The chemical industry is always the best leading indicator for the global economy. It is the third largest industry in the world after energy and agriculture.
And its products go into every country, and most application areas – including pharmaceuticals, plastics, paints, adhesives, textiles and a vast range of others.
It successfully forecast the Great Financial Crisis in 2008, as well as most of the key events since then. And today, with Q1 results being reported, it is clear that a major downturn is now underway as the chart confirms:
- Dow Chemical. “GAAP loss per share was $0.13; operating earnings per share was $0.58, compared to $2.34 in the year-ago period. GAAP net loss was $73m …, with declines in all operating segments due to lower local prices and reduced operating rates to match market dynamics. Our actions to deliver $1bn in cost savings in 2023 are progressing, reinforcing our low-cost-to-serve operating model and continuing to maximize cash flow generation.”
- BASF. “Global chemical production stagnated in Q1 2023. Sales decreased considerably, mainly due to lower volumes. Earnings declined, mainly due to lower contributions from upstream businesses. Measures to increase competitiveness are being implemented.”
- ExxonMobil Chemicals. “Compared to the same quarter last year, earnings decreased by $1bn ($371m versus $1.4bn) on weaker industry margins and lower sales, reflecting softer market conditions.“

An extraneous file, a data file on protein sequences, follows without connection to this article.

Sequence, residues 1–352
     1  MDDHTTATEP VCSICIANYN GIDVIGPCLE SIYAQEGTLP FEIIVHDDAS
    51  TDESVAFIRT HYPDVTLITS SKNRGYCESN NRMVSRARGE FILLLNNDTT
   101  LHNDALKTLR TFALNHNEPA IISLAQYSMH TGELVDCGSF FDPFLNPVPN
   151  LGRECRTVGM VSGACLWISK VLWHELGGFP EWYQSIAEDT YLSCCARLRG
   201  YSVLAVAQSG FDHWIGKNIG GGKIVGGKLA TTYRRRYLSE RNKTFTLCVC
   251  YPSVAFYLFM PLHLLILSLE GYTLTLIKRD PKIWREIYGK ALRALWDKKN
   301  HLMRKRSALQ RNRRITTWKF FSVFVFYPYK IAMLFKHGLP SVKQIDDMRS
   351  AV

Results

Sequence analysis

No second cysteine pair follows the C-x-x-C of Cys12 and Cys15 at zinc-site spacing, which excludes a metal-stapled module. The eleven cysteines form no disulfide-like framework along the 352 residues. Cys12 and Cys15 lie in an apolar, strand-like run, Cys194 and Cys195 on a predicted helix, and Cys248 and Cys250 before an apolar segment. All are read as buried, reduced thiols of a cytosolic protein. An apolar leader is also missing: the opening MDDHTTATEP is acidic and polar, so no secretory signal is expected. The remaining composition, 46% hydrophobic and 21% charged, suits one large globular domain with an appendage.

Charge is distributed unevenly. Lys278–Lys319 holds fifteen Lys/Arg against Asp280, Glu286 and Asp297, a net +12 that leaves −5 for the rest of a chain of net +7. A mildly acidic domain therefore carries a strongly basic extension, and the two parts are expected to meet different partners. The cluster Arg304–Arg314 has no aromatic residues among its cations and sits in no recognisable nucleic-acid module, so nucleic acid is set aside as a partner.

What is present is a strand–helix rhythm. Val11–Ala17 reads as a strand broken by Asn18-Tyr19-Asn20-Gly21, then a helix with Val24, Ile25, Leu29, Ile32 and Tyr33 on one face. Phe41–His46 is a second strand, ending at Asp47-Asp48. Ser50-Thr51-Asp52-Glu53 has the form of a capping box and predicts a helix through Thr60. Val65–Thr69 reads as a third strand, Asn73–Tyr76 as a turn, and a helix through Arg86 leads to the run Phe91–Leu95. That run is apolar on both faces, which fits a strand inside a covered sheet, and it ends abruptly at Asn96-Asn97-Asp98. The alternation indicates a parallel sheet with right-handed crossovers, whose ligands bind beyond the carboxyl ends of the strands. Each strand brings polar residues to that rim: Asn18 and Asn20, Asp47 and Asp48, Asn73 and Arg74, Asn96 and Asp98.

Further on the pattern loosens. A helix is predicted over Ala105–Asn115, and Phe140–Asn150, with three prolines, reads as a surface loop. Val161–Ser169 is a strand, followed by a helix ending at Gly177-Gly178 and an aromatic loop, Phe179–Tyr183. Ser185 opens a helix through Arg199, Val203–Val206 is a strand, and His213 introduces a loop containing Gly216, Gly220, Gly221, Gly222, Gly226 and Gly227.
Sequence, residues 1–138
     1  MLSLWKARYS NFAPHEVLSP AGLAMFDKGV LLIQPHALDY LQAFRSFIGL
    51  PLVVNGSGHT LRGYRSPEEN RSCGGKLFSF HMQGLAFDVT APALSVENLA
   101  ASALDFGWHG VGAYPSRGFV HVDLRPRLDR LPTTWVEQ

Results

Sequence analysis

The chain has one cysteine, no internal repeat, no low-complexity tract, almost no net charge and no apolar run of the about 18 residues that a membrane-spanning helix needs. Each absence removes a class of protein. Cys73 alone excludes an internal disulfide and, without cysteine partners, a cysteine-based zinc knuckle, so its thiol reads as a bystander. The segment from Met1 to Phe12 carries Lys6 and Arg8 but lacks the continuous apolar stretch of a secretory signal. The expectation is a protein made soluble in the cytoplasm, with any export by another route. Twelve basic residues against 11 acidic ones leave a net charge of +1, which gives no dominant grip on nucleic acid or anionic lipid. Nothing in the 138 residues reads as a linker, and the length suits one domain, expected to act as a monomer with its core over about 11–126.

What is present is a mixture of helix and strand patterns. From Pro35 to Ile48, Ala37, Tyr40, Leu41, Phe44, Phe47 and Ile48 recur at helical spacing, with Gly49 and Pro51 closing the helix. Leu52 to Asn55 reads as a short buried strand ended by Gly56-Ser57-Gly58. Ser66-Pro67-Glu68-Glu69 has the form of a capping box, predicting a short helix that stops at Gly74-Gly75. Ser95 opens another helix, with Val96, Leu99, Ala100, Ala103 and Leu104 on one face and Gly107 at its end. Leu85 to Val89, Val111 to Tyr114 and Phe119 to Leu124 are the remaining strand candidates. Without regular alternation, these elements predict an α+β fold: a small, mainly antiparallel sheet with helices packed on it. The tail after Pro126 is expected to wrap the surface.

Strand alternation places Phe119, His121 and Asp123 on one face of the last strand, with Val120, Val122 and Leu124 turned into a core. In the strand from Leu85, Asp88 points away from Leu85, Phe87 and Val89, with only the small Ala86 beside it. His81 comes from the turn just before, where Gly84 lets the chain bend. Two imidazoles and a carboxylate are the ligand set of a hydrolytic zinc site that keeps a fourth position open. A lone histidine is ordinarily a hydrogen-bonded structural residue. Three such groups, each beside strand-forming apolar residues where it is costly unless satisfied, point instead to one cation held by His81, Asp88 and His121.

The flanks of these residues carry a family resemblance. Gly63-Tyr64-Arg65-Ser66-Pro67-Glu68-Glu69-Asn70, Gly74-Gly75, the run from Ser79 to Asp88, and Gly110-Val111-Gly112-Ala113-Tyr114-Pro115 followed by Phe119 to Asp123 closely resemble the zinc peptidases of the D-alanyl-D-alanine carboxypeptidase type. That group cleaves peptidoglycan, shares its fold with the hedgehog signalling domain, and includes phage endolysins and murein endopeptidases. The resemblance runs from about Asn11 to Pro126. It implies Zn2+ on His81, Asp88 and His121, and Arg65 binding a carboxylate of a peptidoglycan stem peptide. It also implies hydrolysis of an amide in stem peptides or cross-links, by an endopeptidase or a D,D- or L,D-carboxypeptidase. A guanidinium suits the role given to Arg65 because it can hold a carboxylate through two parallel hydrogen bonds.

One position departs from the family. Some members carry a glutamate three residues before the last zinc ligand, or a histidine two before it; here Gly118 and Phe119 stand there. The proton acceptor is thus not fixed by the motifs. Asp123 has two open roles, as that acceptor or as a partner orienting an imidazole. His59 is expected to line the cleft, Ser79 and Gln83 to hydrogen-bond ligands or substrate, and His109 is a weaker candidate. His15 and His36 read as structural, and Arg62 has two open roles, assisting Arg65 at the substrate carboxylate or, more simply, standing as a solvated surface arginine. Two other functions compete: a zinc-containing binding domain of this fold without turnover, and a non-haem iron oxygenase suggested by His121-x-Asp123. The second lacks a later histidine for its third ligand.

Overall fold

- Covestro. “Persistently weak demand, driven especially by lower consumer spending. The adverse macroeconomic conditions impacted above all on the volumes sold in the Europe, Middle East, Latin America regions. Group sales were down 20.1% to €3743m versus €4683m due to lower volumes sold (as well as) the lower selling price level.
These 4 companies represent a wide range of business areas. BASF is European-based and is the largest chemical company in the world, with a wide variety of products. Dow is the largest US-based company, and 3rd largest in the world.
ExxonMobil Chemicals is the 7th largest with excellent upstream integration into oil and gas feedstock. Europe-based Covestro is a top 20 company with a focus on major consumer-facing businesses.
And they are not alone. China-based Sinopec is the world’s second-largest chemicals business. And despite the end of the Zero-Covid policies, it posted a Q1 operating loss of RMB 1.8bn (-$260m) versus Rmb 1.3bn profit in Q1 2022. It said this was due to:
“Severe challenges resulting from the concentrated release of chemical capacity and fierce competition.”
Essentially, therefore, all the world’s major economies are in a major downturn. And we can now expect to see a second leg of the downturn start, as companies cut back spending and fire people.
In turn, we will now see second and third-order impacts – just as waves crash into each other when they reach the shore, creating backwash and dangerous currents.
Interest rates have been rising for a year in Western economies. And real estate, autos and other key areas are already suffering. In turn, the banking system is coming under pressure with Credit Suisse, Silicon Valley Bank and First Republic already casualties.